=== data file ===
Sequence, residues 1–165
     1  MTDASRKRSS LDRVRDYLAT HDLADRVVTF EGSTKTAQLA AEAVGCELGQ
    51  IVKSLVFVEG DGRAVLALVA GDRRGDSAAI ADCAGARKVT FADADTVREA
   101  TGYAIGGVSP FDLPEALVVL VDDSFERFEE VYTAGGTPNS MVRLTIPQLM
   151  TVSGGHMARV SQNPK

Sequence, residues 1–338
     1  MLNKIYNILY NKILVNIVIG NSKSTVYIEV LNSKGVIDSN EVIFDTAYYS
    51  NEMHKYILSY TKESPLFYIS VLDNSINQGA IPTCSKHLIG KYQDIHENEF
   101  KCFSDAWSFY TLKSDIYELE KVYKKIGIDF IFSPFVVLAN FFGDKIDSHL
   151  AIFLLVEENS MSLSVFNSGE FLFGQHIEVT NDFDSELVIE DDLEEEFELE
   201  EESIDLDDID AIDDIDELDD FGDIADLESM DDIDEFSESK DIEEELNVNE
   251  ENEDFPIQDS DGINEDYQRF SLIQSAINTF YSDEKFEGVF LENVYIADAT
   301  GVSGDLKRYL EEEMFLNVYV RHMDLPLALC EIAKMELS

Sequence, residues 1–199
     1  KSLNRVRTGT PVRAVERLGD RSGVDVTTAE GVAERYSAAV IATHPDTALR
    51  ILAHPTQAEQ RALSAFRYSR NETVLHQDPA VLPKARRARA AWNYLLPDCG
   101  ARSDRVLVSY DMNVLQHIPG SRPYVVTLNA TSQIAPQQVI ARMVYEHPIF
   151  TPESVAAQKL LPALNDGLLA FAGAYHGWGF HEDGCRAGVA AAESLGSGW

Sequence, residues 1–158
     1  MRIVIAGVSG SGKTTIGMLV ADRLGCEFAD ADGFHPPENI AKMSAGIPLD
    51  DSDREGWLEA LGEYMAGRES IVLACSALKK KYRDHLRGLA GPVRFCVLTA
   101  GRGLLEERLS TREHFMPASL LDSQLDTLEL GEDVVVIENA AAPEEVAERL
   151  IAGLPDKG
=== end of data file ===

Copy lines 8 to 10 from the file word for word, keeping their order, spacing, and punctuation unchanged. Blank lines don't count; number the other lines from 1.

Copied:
    51  NEMHKYILSY TKESPLFYIS VLDNSINQGA IPTCSKHLIG KYQDIHENEF
   101  KCFSDAWSFY TLKSDIYELE KVYKKIGIDF IFSPFVVLAN FFGDKIDSHL
   151  AIFLLVEENS MSLSVFNSGE FLFGQHIEVT NDFDSELVIE DDLEEEFELE